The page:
And if they do reach a tentative deal, they should continue to meet on a regular high level basis.

The idea that you would go months and months without meeting when you have friction between the two largest economies in the world is a grave mistake

in my view.

GIOKOS: What are your views on Huawei and the fact that we've actually seen the President move back from his very hard stance against this


[15:20:08] HILLS: My advice to him would be not to throw out a lot of red lines and then fail to observe them. But what he's done is simply say that

the U.S. companies that have contracts of sale to Huawei may continue, and that he leaves the other issues about Huawei's business in the United

States open for discussion. So that's a security issue that they'll have to resolve.

And yet, I think that there ought to be a way to work around it. My advice to him would be to have your own high level negotiators sit down and work

out a blueprint. You know, President Xi was very clear, when he gave his guiding speech at the opening of the G20 saying that he was going to open

up the market, stopped the discrimination, create opportunities in agriculture, services, and manufacturing.

Okay, let's sit down and see what he can do, within what timeframe and how we can react in a reasonable and proper fashion.

GIOKOS: Carla, I'm curious, as a former U.S. Trade Representative, you know, over the last, you know, decade or so we always looked at China

saying, you know, they intervene in their currency, it's very difficult to compete with their goods, because it's just not economically viable for

other countries.

And that's why we saw a flurry of imports from China into many economies around the world. Do you think tariffs are the right way to go, when

tariffs for a long time in the past, we're actually a no-go area?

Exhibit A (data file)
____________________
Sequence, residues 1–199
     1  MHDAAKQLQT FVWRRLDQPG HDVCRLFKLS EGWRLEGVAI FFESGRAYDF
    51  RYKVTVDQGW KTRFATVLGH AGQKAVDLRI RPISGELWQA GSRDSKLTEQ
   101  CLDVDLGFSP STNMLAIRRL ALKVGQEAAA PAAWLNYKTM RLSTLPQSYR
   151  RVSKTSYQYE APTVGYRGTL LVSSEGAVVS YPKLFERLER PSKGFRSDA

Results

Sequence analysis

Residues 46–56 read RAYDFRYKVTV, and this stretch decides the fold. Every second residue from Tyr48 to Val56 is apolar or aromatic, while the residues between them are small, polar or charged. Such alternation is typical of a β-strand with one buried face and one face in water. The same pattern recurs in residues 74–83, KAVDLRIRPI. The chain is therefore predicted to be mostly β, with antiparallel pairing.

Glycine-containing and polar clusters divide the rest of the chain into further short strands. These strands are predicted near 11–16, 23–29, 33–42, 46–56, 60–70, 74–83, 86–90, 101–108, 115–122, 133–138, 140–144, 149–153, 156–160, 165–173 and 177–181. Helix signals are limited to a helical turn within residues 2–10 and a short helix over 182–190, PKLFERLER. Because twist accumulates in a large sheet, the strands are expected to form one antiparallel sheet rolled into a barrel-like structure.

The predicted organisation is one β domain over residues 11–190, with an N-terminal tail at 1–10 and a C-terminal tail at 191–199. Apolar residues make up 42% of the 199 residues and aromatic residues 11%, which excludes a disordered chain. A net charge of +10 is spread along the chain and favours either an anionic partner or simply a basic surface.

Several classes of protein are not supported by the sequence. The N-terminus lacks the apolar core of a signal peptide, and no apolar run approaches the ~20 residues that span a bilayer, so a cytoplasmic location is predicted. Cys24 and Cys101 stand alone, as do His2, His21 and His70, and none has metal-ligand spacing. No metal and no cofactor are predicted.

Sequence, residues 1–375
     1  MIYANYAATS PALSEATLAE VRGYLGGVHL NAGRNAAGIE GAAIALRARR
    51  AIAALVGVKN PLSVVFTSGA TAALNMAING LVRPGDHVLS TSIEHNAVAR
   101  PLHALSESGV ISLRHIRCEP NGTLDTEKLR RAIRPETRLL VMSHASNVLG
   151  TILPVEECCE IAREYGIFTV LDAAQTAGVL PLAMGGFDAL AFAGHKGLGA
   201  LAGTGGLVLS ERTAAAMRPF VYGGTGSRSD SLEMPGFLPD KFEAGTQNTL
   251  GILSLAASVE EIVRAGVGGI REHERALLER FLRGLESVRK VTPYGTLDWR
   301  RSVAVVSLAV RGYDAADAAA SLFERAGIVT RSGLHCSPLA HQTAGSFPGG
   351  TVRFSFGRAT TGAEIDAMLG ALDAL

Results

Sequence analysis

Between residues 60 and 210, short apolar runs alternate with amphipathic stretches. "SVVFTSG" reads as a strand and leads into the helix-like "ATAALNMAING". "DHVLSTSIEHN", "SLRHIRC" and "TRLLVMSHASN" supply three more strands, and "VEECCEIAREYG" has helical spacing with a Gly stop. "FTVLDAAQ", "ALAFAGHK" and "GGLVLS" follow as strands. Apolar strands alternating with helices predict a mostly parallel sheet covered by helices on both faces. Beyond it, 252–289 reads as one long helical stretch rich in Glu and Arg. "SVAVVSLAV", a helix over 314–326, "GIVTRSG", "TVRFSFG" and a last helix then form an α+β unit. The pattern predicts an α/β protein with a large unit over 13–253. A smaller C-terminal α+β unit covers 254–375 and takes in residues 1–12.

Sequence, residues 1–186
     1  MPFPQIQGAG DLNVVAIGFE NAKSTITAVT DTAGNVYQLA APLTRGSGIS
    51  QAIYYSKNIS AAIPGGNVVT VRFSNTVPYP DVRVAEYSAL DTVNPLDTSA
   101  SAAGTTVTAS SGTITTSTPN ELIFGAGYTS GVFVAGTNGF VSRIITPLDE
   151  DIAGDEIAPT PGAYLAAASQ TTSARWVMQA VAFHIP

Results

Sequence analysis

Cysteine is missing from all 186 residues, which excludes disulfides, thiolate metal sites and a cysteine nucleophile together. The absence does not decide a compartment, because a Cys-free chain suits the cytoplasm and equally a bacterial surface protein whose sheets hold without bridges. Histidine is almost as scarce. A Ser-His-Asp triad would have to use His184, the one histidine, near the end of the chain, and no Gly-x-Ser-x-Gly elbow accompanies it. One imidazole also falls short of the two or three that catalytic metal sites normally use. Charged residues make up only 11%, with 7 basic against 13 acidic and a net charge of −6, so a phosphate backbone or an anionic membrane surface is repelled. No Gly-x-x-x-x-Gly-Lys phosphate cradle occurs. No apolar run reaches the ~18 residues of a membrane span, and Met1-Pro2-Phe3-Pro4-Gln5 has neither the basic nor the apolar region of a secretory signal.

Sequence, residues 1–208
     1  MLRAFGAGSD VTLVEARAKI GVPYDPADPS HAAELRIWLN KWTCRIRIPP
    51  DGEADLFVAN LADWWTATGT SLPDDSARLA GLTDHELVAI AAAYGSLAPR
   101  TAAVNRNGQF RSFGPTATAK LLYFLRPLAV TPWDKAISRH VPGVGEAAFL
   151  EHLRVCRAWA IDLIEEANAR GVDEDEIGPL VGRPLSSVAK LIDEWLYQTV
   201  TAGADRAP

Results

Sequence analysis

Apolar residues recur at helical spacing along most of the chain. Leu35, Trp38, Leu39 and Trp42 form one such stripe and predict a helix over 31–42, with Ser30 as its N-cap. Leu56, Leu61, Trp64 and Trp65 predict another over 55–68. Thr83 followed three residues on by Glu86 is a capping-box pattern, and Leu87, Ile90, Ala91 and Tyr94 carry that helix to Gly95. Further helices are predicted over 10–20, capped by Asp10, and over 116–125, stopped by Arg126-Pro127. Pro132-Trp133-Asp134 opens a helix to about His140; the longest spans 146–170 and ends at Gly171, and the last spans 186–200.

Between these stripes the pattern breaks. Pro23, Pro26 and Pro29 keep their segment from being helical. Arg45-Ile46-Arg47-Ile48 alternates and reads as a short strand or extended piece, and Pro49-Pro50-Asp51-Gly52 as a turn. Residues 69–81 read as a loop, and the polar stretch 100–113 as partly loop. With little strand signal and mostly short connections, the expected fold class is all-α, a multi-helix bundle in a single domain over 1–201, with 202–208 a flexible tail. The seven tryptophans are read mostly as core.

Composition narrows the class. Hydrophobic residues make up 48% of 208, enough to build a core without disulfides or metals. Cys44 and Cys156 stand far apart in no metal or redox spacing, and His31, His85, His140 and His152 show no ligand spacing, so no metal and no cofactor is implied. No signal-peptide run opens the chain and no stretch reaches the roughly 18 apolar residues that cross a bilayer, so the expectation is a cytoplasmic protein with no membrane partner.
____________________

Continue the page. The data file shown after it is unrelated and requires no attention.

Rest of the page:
HILLS: I think that we did make a mistake by not speaking up earlier on. China joined the World Trade Organization in 2001 and they continued to

open up their market until about 2008 and then they began to level off.

And we should have with Europe, Japan, South Korea, Canada addressed them and said, these are the commitments that you've made. The most basic is

national treatment, treating us like you treat your own businesses and non- discrimination.

So percentage caps on inward investment. We don't have those for you. You don't have those at home. Let us move forward. And again, if we had

started this about 2010, 2009, I think we wouldn't be where we are today.

GIOKOS: Carla, great to have you on the show. Thank you so very much for your insights. Much appreciated.

HILLS: My pleasure to join you always.

GIOKOS: Tech stocks have enjoyed a boost after Donald Trump dialed back on a ban on American companies working with Huawei, but the move comes with

the risk of a backlash from his own party.


SEN. JOHN BARRASSO, (R-WY): I am very concerned about Huawei. I think they are a threat to our national --

CHUCK TODD, MSNBC HOST: So the President made a mistake?

BRRASSO: I think Huawei is a threat to the national security of America. I know the President is a dealmaker, he is working on this, I would not

allow Huawei certainly into our country.


GIOKOS: Strong words there. Clare Sebastian joins me now with more. "I wouldn't allow our way into the country." That is really interesting to


CLARE SEBASTIAN, CNN BUSINESS CORRESPONDENT: Well, so the problem here, and the reason why we've seen such a backlash, and it's not just in the

Republican Party, it's from both sides of the aisle is because the reason these restrictions on Huawei were put in in the first place was because of

national security. Now the reason they're being eased is because of trade.

So here we have a conflation of two things and that's what's got everyone so concerned. And that's why you have comments from people like Chuck

Schumer on Twitter over the weekend, saying it will dramatically undercut our ability to change China's unfair trade practices. Marco Rubio as well

calling this a catastrophic mistake.

People are very worried about these two things being conflated and thereby bargaining away something that has to do with national security.